Wednesday, January 16, 2013

Five You Can't Miss -- Jane Hammons

Smokelong Quarterly
Stephen Graham Jones
I love the incantatory prose and the way the events are listed to create a sense of dread. The repetition of "This is to . . ." is hypnotic: we can not look away.

Speaking French in Kurtz Territory
Atticus Review
Guinotte Wise
Stories in which the setting is a character are high on my list of favorites. The descriptions of the Marais des Cygne wild life refuge in Kansas with its "womb-warm weirdass water" where the characters grow and smoke their "LaCygne Green" set the stage for a violent family story. We know from the opening that the narrator fears his father, with good reason, so what happens in the end isn't a surprise. Waiting for it to happen is the killer.

Josh Medsker
Verbicide Magazine

This story had a similar affect on me as "The Perfect Day," a story by Patti Abbott that I chose for last year's list. The situation the two brothers are in is heartbreaking and realistic. I almost felt as though I was watching a home movie--a terrifying one. The sadness of it lingers.

The Tractor Thief's Jacket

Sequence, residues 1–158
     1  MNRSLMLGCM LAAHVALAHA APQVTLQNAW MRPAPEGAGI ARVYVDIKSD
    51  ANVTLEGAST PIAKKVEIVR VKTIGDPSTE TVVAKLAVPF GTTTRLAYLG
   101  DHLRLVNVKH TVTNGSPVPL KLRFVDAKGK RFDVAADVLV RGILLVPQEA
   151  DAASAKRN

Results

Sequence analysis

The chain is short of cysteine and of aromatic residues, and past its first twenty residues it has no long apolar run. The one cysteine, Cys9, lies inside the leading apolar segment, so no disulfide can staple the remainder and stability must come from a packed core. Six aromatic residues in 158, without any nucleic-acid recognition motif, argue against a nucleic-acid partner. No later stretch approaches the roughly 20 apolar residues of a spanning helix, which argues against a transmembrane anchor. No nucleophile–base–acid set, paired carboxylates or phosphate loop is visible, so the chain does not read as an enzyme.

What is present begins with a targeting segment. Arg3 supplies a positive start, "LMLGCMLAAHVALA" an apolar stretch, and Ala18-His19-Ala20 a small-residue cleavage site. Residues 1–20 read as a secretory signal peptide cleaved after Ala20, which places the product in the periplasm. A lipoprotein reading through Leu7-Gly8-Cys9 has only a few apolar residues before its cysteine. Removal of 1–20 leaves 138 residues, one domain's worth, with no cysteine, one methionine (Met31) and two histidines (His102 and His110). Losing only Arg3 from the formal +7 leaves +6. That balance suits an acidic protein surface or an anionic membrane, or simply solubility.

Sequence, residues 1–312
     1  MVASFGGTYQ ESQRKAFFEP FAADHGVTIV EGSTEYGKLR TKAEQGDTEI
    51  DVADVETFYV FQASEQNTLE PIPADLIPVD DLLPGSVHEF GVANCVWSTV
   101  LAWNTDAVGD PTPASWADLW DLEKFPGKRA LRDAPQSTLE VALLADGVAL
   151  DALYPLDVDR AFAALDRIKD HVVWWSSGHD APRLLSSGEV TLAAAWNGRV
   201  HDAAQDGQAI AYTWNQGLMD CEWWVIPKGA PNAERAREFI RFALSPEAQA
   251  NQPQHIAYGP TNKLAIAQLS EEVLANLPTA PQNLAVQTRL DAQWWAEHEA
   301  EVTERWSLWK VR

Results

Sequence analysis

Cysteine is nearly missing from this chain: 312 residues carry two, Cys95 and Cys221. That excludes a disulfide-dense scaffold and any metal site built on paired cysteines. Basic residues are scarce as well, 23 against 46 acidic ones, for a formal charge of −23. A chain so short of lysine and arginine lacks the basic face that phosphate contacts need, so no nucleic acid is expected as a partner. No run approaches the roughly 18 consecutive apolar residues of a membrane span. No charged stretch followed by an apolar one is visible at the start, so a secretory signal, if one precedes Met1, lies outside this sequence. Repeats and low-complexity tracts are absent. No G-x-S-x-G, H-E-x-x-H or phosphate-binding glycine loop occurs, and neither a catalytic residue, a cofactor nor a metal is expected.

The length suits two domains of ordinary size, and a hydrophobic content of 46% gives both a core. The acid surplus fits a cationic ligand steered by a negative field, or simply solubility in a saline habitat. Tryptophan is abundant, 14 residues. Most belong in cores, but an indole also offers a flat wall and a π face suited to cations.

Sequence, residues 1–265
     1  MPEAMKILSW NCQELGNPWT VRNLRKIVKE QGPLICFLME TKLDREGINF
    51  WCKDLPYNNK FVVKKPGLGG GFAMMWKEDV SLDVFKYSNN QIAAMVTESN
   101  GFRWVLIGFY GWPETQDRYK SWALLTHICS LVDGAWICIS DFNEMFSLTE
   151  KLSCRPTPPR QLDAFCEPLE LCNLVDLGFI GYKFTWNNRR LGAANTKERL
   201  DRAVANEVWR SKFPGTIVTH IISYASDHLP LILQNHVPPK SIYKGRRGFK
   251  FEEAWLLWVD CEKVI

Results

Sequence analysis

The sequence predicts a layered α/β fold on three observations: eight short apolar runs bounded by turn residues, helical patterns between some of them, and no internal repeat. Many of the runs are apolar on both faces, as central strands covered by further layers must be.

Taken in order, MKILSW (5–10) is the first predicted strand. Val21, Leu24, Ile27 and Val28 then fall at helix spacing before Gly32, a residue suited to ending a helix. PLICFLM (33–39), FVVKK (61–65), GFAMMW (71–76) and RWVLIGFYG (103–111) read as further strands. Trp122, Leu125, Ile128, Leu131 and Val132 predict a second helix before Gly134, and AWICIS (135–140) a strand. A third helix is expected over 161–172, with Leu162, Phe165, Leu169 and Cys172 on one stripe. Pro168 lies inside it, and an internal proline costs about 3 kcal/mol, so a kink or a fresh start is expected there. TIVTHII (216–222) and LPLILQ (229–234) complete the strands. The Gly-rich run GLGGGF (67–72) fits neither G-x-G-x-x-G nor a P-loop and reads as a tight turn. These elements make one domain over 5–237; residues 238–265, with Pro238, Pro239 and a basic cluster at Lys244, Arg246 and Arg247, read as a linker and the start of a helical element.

Gita M. Smith
MudJob: Stories and Observations

I'm a big fan of Gita's writing and don't see near enough of it, so I was delighted to come across this story about the "laws of the prairie." The climate is harsh and so are the people. The narrator invites us to "Come see our laws in action," and once we read about the dentist with the Polaroid camera, we are anxious to have justice done. The voice was the first thing to hold my attention. The details and setting are also terrific.

Care Santos
Words Without Borders

Who can resist a story about an author who murders a "cultural journalist" you know the kind "those specialists dealing in rehashed press notes, in the distortion of statements and in the savage copying of previous articles, fished from the Internet and always penned by someone more brilliant." I've been making an effort to read more writing in translation and use the website Words without Borders in one of the classes I teach. I was really delighted to find the "(Non-Scandinavian) Crime" issue this past December.

Bio: Jane Hammons teaches writing at UC Berkeley and also writes stories and essays. Two of her most recent stories, one published in All Due Respect and the other in Protectors, a Lost Children anthology, are part of a longer work in progress. A story inMetazen was nominated for a 2012 Pushcart Prize. She also has an essay forthcoming in the anthology California Prose Directory: New Writing from the Golden State


  1. I am happy to be mentioned among such talented writes. And you Ms. Hammons, your very sweet smile belies a rather shocking taste for noir.

  2. A few to check out there but that Gita Smith story is stunning even on a second reading.

  3. Made my day. Fine company too. And judged by one in the noir trenches, both writing and teaching. Thanks. As I told my dogs, more coffee and back to work.

    Like it (if you like) thx.

  4. Just saw that this story is nominated by Spinetingler for the best short story on the web! Cool!